The Hawker Sea Fury was a British fighter aircraft designed and manufactured by Hawker. It was the last propeller-driven fighter to serve with the Royal Navy, and also one of the fastest production single piston-engined aircraft ever built. Developed during the Second World War, the Sea Fury entered service two years after the war ended. The Sea Fury proved to be a popular aircraft with a number of overseas militaries, and was used during the Korean War in the early 1950s.
The Sea Fury's development was formally initiated in 1943 in response to a wartime requirement of the RAF, thus the aircraft was initially named Fury. As the Second World War drew to a close, the RAF cancelled their order for the aircraft; however, the Royal Navy saw the type as a suitable carrier aircraft to replace a range of increasingly obsolete or poorly suited aircraft being operated by the Fleet Air Arm. Development of the Sea Fury proceeded, and the type began entering operational service in 1947.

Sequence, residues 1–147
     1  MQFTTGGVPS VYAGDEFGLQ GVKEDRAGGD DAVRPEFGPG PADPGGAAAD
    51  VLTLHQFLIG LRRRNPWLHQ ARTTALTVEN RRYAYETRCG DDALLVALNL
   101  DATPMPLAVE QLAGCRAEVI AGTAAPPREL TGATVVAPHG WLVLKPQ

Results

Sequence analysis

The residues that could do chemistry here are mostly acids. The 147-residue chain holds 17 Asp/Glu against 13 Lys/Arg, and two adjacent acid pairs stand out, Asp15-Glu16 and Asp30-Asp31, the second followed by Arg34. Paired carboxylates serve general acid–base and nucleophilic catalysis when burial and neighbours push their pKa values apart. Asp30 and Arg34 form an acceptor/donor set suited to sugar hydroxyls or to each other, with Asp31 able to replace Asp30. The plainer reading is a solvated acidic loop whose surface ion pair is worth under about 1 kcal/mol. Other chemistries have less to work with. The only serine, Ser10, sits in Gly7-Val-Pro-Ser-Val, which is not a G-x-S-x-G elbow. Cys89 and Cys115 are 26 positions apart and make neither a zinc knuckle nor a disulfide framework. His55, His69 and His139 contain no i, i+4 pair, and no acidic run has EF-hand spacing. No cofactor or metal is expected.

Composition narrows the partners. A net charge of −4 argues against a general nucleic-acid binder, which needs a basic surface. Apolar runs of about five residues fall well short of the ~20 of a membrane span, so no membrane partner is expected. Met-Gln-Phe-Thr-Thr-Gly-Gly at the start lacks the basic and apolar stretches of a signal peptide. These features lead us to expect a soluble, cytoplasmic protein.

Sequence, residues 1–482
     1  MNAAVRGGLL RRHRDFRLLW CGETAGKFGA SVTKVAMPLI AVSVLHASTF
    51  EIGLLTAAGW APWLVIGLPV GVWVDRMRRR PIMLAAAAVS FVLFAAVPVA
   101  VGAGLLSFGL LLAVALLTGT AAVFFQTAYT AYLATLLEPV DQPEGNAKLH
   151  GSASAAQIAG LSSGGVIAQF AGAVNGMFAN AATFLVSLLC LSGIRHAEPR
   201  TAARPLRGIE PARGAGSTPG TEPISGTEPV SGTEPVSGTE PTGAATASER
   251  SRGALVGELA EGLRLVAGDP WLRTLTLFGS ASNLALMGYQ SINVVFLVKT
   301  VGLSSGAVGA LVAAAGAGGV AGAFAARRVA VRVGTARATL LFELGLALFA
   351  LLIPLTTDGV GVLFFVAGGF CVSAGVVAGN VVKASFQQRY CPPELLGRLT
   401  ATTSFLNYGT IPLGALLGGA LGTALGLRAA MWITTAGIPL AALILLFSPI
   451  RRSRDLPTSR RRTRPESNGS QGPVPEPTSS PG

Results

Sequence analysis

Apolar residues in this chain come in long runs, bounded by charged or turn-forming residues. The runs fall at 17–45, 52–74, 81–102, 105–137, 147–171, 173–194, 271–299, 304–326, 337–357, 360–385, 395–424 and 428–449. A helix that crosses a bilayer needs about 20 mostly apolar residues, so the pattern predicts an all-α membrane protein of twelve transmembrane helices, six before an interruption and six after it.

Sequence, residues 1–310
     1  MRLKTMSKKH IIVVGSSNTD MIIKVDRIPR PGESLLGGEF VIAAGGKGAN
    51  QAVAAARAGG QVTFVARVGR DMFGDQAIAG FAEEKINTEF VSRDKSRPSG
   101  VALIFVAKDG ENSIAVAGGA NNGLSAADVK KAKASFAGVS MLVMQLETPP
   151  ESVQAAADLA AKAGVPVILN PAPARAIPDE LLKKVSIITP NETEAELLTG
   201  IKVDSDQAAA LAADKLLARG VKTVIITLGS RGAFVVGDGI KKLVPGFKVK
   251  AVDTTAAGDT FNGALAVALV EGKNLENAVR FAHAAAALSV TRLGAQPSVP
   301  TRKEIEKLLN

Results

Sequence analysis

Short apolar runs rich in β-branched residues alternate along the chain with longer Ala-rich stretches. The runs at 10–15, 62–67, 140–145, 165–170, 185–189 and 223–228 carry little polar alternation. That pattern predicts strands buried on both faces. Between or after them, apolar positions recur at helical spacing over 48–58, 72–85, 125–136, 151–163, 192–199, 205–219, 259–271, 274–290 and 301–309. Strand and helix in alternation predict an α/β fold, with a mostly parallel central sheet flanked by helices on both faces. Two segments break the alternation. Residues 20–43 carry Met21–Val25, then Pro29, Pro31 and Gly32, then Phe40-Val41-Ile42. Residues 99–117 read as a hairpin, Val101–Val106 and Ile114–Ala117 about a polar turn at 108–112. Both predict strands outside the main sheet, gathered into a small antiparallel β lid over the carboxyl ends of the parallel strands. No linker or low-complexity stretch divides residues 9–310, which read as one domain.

The Sea Fury has many design similarities to Hawker's preceding Tempest fighter, but the Sea Fury was a considerably lighter aircraft; both the Sea Fury's wings and fuselage originate from the Tempest but were significantly modified and redesigned. Production Sea Furies were fitted with the powerful Bristol Centaurus engine, and armed with four wing-mounted Hispano V cannons. While originally developed as a pure aerial fighter aircraft, the definitive Sea Fury FB 11 was a fighter-bomber, the design having been found suitable for this mission as well.